We all know where the black widow spider gets its name – the female will devour the male right after they mate. Some male spiders however are not very pleased with this arrangement, in particular those from the Thanatus fabricii species. In order to survive the act of procreation, the males will bite and tie up the females before mating.
Coercive behavior in mating is not uncommon in the animal kingdom, but it is extremely rare in spiders, since females are usually physically superior. In this particular case however, the coercion is a matter of survival for the male spider. In fact, the males will never mate with a female unless it has been bitten and immobilized. This means that without this behavior, the species would go extinct.
Researchers wanted to know more about the mating habits of this spider species so they gathered male and female Thanatus fabricii and started running experiments. What they’ve noticed is that the mating ritual starts with the males first biting the females on the legs. The females would then draw the legs to the body and become paralized. The mating rituals of other spider species can take hours, but for these spiders, they were very short.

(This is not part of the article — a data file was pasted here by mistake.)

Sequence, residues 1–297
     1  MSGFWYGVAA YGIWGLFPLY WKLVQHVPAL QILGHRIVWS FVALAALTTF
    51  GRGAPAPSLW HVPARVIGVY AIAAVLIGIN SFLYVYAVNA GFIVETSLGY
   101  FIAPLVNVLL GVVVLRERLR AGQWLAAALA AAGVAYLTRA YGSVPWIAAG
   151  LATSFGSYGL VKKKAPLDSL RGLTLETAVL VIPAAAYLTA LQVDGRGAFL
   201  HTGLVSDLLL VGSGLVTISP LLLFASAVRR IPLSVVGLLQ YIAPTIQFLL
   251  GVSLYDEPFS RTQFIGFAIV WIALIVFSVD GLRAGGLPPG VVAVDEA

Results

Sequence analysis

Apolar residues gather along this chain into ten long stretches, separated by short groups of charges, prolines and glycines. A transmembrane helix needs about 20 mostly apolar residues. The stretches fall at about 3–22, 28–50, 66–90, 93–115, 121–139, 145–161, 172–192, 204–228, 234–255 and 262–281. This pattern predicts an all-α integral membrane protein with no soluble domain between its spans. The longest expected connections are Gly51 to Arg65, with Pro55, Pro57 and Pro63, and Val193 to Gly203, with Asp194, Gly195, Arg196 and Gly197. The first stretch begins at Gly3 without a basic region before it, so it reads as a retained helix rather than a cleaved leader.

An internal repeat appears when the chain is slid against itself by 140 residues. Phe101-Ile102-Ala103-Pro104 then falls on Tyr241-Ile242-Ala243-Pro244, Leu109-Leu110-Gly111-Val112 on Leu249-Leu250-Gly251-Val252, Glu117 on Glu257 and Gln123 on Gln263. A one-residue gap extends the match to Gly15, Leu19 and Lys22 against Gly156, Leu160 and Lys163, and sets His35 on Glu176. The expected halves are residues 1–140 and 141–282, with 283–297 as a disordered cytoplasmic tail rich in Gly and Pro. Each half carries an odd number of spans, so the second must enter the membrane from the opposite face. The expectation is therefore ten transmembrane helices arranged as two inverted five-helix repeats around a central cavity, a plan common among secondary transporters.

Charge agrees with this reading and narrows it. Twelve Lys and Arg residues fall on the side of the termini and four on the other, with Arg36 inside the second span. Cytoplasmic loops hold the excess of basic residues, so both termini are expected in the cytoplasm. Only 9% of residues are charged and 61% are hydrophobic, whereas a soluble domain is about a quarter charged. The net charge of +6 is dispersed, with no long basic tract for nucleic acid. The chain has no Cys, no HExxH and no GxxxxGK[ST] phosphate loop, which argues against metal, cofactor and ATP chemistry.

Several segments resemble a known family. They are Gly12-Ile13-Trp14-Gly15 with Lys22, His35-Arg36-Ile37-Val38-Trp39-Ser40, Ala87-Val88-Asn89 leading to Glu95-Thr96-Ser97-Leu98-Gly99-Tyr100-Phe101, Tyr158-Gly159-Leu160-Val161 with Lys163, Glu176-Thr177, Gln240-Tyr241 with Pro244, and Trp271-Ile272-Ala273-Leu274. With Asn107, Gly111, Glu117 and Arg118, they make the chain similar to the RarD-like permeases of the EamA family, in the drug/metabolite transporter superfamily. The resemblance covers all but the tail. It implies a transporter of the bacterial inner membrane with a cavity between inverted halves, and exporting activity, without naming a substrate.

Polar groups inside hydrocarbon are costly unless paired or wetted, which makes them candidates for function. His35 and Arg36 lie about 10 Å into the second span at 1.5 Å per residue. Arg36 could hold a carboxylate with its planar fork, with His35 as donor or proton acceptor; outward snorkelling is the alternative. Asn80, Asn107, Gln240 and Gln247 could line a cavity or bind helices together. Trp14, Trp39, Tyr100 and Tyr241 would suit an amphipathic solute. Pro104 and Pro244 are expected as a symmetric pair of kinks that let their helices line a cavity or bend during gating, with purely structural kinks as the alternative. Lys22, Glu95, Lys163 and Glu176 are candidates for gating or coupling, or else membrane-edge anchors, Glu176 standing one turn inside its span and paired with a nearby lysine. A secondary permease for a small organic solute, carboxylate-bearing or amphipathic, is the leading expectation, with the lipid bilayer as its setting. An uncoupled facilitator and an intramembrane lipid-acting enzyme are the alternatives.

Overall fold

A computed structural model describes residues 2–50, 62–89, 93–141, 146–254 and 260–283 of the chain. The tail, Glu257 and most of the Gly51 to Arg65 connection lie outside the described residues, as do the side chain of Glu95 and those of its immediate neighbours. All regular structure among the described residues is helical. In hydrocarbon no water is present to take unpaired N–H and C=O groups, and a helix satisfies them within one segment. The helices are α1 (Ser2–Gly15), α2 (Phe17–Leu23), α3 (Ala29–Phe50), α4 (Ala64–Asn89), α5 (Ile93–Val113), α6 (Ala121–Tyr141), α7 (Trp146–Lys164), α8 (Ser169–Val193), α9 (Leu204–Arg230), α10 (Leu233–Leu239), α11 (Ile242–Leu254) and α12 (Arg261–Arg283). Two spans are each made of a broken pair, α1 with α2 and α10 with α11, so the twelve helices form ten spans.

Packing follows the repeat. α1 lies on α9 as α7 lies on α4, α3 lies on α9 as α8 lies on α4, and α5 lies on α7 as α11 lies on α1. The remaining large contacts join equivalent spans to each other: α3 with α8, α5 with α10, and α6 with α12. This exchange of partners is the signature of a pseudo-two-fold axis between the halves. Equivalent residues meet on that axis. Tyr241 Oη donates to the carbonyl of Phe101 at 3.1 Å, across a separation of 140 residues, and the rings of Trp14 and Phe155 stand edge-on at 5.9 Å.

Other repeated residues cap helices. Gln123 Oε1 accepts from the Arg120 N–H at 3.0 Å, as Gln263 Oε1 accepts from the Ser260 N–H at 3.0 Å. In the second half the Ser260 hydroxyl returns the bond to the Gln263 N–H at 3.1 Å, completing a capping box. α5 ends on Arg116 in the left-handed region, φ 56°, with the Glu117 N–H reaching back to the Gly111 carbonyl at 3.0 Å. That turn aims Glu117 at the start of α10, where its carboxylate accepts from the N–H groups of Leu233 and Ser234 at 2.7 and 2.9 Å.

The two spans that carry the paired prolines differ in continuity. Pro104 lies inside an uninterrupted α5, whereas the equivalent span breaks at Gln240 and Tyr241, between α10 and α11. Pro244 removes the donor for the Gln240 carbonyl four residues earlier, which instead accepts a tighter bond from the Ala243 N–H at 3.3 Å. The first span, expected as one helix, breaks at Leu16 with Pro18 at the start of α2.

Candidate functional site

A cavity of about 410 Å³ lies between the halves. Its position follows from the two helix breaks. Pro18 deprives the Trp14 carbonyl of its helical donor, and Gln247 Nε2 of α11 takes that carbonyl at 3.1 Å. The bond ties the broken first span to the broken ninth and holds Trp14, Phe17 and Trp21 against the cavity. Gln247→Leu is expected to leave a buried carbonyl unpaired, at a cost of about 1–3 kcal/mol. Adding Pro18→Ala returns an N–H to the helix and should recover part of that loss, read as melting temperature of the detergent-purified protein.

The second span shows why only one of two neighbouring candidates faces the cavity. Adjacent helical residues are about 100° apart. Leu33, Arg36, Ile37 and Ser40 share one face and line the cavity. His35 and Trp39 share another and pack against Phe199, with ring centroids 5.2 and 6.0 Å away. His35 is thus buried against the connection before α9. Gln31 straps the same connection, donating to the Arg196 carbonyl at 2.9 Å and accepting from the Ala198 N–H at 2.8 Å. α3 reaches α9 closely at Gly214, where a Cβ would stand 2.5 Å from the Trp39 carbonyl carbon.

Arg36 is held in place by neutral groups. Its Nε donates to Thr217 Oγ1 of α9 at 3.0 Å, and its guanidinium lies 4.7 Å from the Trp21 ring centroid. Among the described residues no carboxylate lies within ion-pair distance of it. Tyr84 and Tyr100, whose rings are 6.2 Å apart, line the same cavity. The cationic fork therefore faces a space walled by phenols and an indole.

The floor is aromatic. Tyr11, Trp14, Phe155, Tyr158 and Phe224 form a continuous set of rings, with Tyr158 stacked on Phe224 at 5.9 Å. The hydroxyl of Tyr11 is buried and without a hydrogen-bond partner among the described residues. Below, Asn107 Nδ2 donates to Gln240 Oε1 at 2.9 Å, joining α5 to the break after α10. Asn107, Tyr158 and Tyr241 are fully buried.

Once the female was immobilized, the male would mount it and bind its legs and body, before inseminating it. Once the mating was complete, the female would remain motionless for some time before freeing itself from the males silk.
Furthermore, after mating, researchers observed that the females were less successful in catching prey, and they were less mobile. This suggested that the mating process injured the female in some ways.
Female Thanatus fabricii spiders are larger than males, so this mating strategy serves two purposes for the male: surviving the encounter, and overcoming the female’s resistance to mating. It’s important to keep in mind that sexual cannibalism is quite common in spiders and other invertebrate species where the female is larger than the male.
However, this strategy is not 100% effective. In 11% of the mating cases, the females were able to attack the male and consume it before copulation. Researchers are still exploring other scenarios as well, in which the females are not actually completely immobilized by the male, with their inactivity being a signal that they have become receptive to the male’s advances. To further this case, there were situations where the female continued struggling through the ritual and thus rejecting the male and denying the mating act.